Proposals for a New Welfare

Proposals for a New Welfare

The instant book titled “For a New Welfare. Proposals from Civil Society” is curated by the Sale della Terra Network for Civil Economy and Vita. It will be presented on Facebook Live on Monday, June 15 at 5:00 PM. The book stems from the Civil Society Appeal for the reconstruction of a welfare system tailored to all individuals and territories. This appeal was sent to Prime Minister Giuseppe Conte, Vittorio Colao (President of the Government Task Force for Phase Two), and Antonio De Caro (President of ANCI – National Association of Italian Municipalities). The document was written and promoted by Angelo Righetti, a psychiatrist and collaborator of Franco Basaglia, founder of the Res-Int International Social Economy Network, a member of the scientific committee of the International School of Human Development “Kip” established by Edgar Morin, and a member of the World Health Organization. Angelo Moretti, President of the Res-Int International Social Economy Network, the Sale della Terra Network for Civil Economy, and the Coordinator of the Network of Small Municipalities of the Welcome, is also a key figure in this initiative.

This pandemic has spoken to today’s men and women as a bell ringing an alarm would. Since this “storm,” as Pope Francis called it, began to blow, Italy has witnessed the vulnerability of its most fragile structures: overcrowded prisons, nursing homes, and retirement homes, homeless individuals without quarantine solutions, agricultural laborers in the fields who emerged from the black and terrible labor they had been engulfed in, unequal healthcare across regions, understaffed and under-equipped public healthcare, children and adolescents disappearing from the educational system simply because they were not connected, domestic violence that still requires serious attention, general practitioners forgotten, not treated as pillars of our territorial welfare, and the lack of a widespread home care network, our economy not aligned with environmental concerns and the climate crisis.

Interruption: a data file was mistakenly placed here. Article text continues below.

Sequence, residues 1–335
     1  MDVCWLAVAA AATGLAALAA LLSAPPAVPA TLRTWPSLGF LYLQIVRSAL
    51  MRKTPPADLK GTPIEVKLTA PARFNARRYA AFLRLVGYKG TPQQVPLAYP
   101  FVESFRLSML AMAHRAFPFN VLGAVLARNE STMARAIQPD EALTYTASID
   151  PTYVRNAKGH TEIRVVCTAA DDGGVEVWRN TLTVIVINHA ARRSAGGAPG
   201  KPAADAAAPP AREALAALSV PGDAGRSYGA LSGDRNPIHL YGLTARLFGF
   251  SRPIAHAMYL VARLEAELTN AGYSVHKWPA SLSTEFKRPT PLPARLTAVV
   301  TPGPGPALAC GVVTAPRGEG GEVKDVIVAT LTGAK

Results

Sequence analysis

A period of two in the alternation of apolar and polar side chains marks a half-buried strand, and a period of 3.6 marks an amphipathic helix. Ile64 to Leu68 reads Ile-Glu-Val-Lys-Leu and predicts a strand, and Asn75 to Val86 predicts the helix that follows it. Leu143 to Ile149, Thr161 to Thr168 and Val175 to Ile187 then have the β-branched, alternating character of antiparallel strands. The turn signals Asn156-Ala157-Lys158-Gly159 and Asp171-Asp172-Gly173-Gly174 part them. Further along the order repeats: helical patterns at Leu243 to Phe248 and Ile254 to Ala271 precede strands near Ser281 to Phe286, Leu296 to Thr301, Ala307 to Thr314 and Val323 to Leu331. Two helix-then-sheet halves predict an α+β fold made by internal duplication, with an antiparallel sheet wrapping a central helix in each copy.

In response to this calamity, the Italian State acted as best as it could, but also hesitantly, because the disaster that befell it was great and unprecedented. Like a responsible head of a family, even though driven by good intentions, it acted by largely skipping the necessary involvement of intermediate social bodies, believing that the safety of individuals should take precedence over social bonds. Consequently, many roofs that were already unstable before the pandemic have collapsed.

Phase 2 should be the phase of community welfare, a community that “creates” welfare and is capable of reducing social distancing through personalized care for the many individuals who, in order to be safe, have been left alone more than secure. It is for those who will not reopen the shutters of their businesses, for those who, after the end of wage subsidies, will not find their companies open.

It is time to act collectively and synergistically with the “to care” of Don Milani’s memory. A “to care” that concerns both territories and individuals, where mayors and social organizations can together redesign the many interrupted life paths in the 5,400 small Italian municipalities. It’s a “to care” that embraces socially disabled individuals, the elderly, and the vulnerable, not within institutions but within personalized projects where welfare and the economy are not opposing aspects of development but a unified systemic approach to address the post-crisis era, including others rather than simply ensuring their safety, separating them, or even rejecting them.

This is where the Appeal to the Government comes into play because without listening to and involving civil society, Phase Two could still be uncertain and short-sighted.

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